The potential benefits of establishing a comprehensive, safe biking network in Western New York are far-reaching, from reconnecting people with nature (in keeping with Olmsted’s original vision), to improving quality of life for residents, to providing companies with an added incentive to relocate and attract new employees. Such a network could also serve as an incubator for a myriad of new biking tours in support of local attractions, tied to the idea of encouraging same-day visitors to Buffalo and the Falls area to stay longer.

Basic street safety is also fueling interest in bicycle infrastructure. In 2017, Niagara Falls Elementary School invited GObike Buffalo to conduct a one-day workshop that involved the creation of pop-up crosswalks and bike lanes, both of which were painted by the school’s art students. The inspiration came from teachers, parents and local politicians concerned with making streets safer for kids walking and biking to school. Niagara Falls Elementary School is situated on Niagara Street, one of the busiest roads in Niagara Falls.

“We needed to find a way to calm traffic and make it safer not only for kids crossing the street but kids riding their bikes as well,” says School Principal Rocco Merino.

The pop up-up initiative proved such a success in terms of slowing local traffic and giving kids an added sense of security on their bikes that the painted crosswalk and bike lanes became a permanent fixture. Schools throughout the Niagara region have since followed suit, painting their own crosswalks and bike lanes. And having witnessed what Buffalo had already accomplished with its bike plan, combined with a community-wide heightened awareness for road safety, Niagara Falls decided to forge ahead with its own master bike plan, which GObike Buffalo is now steering.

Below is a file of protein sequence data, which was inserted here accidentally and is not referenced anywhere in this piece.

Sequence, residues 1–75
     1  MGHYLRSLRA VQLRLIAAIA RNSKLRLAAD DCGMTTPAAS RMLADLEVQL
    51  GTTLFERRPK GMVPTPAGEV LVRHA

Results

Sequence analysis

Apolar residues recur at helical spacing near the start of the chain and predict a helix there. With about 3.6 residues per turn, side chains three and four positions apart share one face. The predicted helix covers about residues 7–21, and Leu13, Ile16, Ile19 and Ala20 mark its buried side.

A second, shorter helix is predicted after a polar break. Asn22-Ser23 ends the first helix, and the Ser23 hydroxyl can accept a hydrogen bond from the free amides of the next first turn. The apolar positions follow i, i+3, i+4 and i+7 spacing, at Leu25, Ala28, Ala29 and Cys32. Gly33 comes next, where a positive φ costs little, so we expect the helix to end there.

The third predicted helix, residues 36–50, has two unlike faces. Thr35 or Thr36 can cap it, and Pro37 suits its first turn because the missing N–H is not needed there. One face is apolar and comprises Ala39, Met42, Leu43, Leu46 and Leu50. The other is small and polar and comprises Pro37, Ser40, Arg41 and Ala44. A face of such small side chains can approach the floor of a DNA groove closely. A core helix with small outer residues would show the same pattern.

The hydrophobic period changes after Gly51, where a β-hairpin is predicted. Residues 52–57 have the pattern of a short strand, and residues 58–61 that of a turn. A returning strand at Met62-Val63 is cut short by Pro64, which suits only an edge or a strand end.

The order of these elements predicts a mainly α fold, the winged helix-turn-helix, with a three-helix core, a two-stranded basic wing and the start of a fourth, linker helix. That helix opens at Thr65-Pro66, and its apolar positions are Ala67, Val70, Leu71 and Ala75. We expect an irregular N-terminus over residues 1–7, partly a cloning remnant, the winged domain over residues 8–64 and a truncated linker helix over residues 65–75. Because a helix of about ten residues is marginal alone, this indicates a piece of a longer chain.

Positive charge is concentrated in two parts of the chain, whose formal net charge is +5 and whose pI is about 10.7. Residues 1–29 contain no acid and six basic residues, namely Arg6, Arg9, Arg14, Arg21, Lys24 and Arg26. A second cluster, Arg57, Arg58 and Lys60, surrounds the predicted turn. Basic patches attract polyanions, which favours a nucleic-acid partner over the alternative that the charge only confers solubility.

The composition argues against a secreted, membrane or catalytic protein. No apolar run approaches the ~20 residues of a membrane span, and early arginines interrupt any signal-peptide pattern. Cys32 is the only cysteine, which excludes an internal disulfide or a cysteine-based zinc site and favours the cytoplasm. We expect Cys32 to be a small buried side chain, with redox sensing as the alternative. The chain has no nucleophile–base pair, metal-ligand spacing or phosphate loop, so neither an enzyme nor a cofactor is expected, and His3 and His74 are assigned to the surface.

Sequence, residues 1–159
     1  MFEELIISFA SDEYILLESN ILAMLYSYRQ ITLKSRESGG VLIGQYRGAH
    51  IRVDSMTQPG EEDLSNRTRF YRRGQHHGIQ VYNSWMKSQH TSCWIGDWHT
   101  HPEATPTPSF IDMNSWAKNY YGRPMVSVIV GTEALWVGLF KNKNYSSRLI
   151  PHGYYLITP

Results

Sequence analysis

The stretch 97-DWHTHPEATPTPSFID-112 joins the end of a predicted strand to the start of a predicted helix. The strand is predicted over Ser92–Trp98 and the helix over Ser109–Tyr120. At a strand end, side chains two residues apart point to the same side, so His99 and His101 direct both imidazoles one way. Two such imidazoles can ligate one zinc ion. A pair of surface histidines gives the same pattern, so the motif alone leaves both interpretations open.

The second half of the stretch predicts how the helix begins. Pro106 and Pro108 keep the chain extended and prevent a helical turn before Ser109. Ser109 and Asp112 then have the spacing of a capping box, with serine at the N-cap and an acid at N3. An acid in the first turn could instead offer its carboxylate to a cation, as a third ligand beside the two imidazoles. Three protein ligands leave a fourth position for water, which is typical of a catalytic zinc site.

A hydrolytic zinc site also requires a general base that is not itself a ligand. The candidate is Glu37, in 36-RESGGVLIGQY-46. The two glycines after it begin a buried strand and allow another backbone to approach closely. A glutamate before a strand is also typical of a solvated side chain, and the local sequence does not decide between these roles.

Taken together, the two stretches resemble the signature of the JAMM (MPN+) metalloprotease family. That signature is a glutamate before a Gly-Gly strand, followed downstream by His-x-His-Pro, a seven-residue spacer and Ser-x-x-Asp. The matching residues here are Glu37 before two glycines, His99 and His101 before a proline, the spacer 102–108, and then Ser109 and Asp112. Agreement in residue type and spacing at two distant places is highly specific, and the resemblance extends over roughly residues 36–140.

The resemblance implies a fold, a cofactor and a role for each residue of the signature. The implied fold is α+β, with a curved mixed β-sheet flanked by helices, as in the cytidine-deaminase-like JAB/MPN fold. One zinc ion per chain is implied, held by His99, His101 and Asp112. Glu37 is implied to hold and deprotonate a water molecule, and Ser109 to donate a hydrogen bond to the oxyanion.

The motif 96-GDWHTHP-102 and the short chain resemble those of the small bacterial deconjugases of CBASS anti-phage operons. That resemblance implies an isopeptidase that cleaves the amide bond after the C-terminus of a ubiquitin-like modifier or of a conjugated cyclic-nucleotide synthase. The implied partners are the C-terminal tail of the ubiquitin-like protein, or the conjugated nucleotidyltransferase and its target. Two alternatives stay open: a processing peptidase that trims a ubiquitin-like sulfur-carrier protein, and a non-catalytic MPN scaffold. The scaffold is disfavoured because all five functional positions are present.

“One of the criticisms we’re seeing is the bike plan isn’t being implemented quickly enough. But also, that there should be more protected bike lanes,” says Booth, who adds that local bikers tell him about “suicide lanes,” roads where cars are passing on one side and people in parked cars are opening their doors on the other.

As a sign of further momentum, in October 2018 the West River Parkway running through Grand Island between Niagara Falls and Buffalo was closed altogether to vehicular traffic, with the four high-speed lanes converted into two extra wide bike lanes together with a pedestrian lane. And bike lanes are included as part of the $21 million reconstruction of Niagara Street — a major road for traffic in Buffalo.

The Niagara River Greenway Commission, the state-funded group entrusted with the two-fold task of restoring the ecological health of the Niagara River while enhancing public access, recently received $8.5 million in funding to transform what Executive Director Gregory Stevens describes as ‘the ugliest part’ of the route between Buffalo and Niagara Falls. The funds will be used to create a 4-5 mile stretch of protected bike lanes from the North Grand Island Bridge along a stretch of road that borders the communities of Wheatfield and Tonawanda. The expected completion date for that project is 2020. Assuming all of these plans come to fruition, by as early as 2020, it might be possible to bike safely not only between Niagara Falls and Buffalo, but also to connect by bike with the Empire State Trail all the way to Albany, as well as north into Canada.

“The idea of strongly linking Niagara Falls and Buffalo, each of which has connections to Canada could be quite unique,” says Stevens. “We have the potential to be the best connected two cities in North America and the only two cities other than perhaps Minneapolis and St. Paul that are directly connected to Canada with dedicated bike trails.”

This story is part of The Power of Parks, a series exploring how parks and recreation facilities and services can help cities achieve their goals in wellness, conservation and social equity. The Power of Parks is supported by a grant from the National Recreation and Park Association.

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In addition to his blog, Sustainable Community Builder, Mark Wessel writes the Toronto Sun’s Green Living column and is a regular contributor to the European-based Urban Future City Changers blog. At the last Urban Future conference in Vienna, Mark chaired a panel discussion on communicating sustainability.  

Tags: bikingbike lanespower of parksbuffalo